Wild Camping Weather
It has been so glorious the past few weeks. Weather almost unprecedented in Cumbria, Scotland and Yorkshire for that matter. Being outside has been wonderfully pleasurable.
No need to worry about rain, the cold or wind whipping through the layers. No weather excuses then.
Nothing to stop me hiking up and hill and staying there. For a night. All that superlight kit I invested in under the pretext of ‘oh, it will be well used’ has hardly.
So I set off, making sure not to take more than my Osprey 35L pack. Leaving Hartsop about 7pm with a mind to get up to Angle Tarn. A hope that one side the sunset would grace the water and the other I’d be washed by early morning rays.
As often in life the people you meet make an ‘adventure’ complete. Revelling in the fact I might not see anyone I was mildly irritated to catch the eye of a walker behind me, as I turned to close a gate. A man whom had only a fraction of the Father Christmas’ girth, but had a beard to match. He walked briskly up with his shepherds crook and checked he was on the right trail to Hayeswater, which he was. We fell into step and my irritation dissipated.
Veron was more than ten years older than I, and apologised in case he held me up. When in fact I was wondering if I could keep the pace with my tent and the stupidly heavy camera stuff I’d decided to bring along. Exchanged thoughts, histories and aspirations made the rise up to the reservoir pass with remarkable ease. We parted as I swung left and Vernon went to investigate the water.
Looking back there were people camping on the shore line. I smugly carried on hoping there would be no more higher up.
Light was playing around with dark, dropping shadows in between the drumlins and rolling deep greens across the higher hills as joyful cotton grass danced round water on slender stalks.
Tents though preceded me. Not really surprising as Angle Tarn is on the Coast to Coast and what better weather to be walking it. I didn’t join the ‘campers’ by the tarn. Fearful of midges. Not to mention company. Company may have decided to leave me to my solitude. Midges did not. Hood pulled up, sleeves pulled down, yet more than 30 seconds in one place and a haze of spiteful attackers surrounded me. So much for lugging up my tripod and various lens. After cooking my pasta it was a case of point and shoot a few skies and retire to read my book, safe in the confines of my tent.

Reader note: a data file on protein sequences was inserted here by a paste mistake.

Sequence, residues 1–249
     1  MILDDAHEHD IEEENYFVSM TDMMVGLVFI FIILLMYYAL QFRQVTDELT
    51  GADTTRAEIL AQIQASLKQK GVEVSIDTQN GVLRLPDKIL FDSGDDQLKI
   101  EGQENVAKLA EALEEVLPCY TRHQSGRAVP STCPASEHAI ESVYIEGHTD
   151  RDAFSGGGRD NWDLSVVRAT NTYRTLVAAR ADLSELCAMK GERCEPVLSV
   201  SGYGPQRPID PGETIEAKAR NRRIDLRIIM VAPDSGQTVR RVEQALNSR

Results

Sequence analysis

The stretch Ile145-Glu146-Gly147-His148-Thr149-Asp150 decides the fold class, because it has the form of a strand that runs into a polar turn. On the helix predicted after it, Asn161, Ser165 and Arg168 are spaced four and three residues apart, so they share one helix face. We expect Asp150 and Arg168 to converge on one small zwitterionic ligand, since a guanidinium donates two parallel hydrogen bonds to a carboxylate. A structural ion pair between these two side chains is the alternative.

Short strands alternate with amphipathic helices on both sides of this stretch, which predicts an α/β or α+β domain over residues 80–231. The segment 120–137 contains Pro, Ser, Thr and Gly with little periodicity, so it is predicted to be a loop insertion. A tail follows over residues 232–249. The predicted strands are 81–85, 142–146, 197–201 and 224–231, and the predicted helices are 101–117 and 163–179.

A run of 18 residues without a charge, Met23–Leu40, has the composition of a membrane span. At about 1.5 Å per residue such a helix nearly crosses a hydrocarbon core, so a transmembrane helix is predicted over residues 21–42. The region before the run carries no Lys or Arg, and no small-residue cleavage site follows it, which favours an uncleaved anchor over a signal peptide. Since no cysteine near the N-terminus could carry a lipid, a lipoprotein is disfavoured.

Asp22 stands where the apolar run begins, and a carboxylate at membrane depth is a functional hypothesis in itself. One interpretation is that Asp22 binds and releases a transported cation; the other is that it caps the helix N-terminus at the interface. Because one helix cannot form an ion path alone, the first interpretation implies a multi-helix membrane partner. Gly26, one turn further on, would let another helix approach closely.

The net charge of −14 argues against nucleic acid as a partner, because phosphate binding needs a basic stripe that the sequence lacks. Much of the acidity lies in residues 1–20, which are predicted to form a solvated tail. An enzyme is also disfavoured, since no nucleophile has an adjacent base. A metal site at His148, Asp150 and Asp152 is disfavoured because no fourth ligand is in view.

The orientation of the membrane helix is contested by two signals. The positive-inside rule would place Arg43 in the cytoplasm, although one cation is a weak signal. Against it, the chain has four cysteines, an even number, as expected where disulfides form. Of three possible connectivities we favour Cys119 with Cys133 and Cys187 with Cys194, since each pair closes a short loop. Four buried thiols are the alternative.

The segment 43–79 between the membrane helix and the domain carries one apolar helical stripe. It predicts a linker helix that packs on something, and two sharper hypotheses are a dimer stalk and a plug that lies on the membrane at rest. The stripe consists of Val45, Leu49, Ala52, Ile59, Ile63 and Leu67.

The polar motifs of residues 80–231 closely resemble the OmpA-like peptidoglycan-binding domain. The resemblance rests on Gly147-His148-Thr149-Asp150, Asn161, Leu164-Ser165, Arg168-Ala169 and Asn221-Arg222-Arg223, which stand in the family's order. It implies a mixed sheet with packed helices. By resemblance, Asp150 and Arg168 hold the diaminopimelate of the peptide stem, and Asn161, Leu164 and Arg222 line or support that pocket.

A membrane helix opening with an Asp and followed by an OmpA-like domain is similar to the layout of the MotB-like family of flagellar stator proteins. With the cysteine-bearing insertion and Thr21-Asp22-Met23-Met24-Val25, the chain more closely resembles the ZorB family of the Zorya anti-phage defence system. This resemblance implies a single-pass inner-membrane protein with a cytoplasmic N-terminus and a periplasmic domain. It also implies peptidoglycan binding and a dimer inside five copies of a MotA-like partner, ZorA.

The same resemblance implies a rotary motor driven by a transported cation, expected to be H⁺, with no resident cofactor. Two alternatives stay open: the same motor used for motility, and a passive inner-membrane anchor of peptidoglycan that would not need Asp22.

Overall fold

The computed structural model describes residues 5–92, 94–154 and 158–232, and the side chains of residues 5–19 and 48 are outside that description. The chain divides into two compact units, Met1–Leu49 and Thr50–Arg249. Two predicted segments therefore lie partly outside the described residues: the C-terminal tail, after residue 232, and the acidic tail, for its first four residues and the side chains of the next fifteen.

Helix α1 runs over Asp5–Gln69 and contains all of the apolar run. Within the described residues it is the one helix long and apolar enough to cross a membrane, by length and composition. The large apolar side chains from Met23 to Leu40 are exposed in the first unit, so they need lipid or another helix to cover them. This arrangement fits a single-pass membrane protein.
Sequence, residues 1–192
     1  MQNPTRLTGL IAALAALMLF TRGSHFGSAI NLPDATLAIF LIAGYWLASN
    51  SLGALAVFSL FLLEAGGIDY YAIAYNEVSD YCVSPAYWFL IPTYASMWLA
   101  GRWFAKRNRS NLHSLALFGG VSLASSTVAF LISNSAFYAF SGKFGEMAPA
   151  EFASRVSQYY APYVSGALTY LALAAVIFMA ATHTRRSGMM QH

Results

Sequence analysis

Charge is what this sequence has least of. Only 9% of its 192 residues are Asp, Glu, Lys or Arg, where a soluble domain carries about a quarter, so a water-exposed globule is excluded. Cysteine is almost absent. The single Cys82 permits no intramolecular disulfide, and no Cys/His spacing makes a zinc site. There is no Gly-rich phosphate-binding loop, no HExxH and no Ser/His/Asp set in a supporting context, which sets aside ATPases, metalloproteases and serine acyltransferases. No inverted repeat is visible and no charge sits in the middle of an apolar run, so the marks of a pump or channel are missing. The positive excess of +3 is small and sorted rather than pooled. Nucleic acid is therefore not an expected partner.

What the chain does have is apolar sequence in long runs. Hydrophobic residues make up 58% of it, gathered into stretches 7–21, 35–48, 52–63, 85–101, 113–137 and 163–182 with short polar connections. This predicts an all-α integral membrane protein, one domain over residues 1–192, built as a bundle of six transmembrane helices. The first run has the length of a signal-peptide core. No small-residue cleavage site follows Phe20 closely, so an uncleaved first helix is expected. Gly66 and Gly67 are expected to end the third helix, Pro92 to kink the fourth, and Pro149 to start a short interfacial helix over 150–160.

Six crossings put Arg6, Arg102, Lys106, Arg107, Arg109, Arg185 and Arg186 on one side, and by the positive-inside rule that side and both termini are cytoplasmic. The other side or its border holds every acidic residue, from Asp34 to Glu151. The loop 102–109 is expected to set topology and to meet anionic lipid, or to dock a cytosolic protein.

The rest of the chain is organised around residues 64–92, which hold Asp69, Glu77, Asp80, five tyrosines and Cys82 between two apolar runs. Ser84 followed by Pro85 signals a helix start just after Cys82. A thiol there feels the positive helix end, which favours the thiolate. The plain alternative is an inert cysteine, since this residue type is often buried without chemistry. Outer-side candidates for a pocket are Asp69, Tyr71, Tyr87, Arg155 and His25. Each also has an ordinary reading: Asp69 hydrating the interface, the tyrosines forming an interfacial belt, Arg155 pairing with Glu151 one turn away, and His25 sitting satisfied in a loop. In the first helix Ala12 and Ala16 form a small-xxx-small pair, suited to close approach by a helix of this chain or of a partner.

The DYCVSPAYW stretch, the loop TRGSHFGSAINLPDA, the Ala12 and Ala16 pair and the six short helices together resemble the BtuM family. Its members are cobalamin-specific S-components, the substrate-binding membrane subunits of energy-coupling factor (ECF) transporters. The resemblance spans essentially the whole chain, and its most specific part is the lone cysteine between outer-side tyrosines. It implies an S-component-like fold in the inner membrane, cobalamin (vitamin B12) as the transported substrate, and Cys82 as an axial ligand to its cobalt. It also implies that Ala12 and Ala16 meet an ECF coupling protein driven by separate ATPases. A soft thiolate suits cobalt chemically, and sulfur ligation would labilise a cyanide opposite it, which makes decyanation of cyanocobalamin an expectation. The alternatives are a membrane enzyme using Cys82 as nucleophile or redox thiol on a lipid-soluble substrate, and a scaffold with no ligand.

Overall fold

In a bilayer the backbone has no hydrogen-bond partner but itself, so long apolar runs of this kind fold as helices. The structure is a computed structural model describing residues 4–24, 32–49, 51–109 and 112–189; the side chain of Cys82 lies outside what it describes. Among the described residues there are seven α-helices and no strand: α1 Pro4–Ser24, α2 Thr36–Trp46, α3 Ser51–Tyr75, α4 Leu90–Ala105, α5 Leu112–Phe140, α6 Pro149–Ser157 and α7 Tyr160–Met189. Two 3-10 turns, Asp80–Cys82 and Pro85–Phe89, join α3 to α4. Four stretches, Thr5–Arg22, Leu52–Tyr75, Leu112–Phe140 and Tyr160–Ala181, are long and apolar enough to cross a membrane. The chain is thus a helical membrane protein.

A deep booming conversation echoed across the valley just after day break. Clambering out to see what the commotion was I looked down the hill side where five red deer were mid conference. No photos. I knew as soon as I turned to find such frivolities as a camera all trace of deer slip away. I lasted about five minutes until the midges, who clearly never sleep, descended on my feet for breakfast.
Further sleep was a futile. Sleeves, hood, tea and porridge. Pack up and go. Early cloud clung to the hills, so I didn’t grieve too much at having missed the sunrise. A family of geese were certainly gleaning more pleasure from the midge ridden tarn than I.
Slowly the sun crept through the haze and brought the summer back again. No one else was around until Boredale Hawse, where a 75 year old Coast to Coaster had made an early start to try to win the race with sunburn.
And that was it. Solitude until I arrived back to Hartsop. A rather surprised couple were putting their boots on and wondered at my early start!
If you want to camp on the hills, remember, ‘pack it and and pack it out’. There is no ‘right to camp’ included in the ‘right to roam’ and a land owner would be within their rights to ask you to move on. Be discreet, camp in small numbers if not alone, make no noise and leave no trace.
PS, It’s raining again!